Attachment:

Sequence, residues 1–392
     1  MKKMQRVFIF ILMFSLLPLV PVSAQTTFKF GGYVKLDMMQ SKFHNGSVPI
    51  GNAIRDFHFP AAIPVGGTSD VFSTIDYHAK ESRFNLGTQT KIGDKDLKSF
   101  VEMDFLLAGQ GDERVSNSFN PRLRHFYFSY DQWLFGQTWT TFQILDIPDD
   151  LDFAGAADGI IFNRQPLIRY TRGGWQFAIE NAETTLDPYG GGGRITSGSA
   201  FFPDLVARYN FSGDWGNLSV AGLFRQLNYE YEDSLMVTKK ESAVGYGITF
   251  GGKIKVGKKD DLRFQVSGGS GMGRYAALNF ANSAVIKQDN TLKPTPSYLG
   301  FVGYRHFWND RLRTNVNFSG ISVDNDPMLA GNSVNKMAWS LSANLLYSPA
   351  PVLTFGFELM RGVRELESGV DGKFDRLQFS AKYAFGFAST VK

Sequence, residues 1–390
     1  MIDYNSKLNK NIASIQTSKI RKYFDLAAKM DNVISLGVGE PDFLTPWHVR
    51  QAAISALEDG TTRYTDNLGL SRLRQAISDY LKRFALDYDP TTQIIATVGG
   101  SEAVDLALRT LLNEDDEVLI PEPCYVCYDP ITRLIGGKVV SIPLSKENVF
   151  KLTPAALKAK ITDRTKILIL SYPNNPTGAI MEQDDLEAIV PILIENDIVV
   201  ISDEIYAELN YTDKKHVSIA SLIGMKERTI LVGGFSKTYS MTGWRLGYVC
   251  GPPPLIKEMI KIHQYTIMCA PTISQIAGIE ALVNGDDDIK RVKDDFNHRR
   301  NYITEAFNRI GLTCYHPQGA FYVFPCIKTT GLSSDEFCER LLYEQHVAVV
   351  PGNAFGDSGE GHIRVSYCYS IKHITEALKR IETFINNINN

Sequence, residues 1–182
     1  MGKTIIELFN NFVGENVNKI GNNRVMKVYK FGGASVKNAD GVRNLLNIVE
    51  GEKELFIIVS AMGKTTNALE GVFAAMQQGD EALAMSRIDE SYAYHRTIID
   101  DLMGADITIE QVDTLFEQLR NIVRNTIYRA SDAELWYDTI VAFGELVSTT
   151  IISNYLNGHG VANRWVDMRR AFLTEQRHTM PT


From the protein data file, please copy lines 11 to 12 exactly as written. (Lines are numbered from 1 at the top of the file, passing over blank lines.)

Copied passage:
     1  MIDYNSKLNK NIASIQTSKI RKYFDLAAKM DNVISLGVGE PDFLTPWHVR
    51  QAAISALEDG TTRYTDNLGL SRLRQAISDY LKRFALDYDP TTQIIATVGG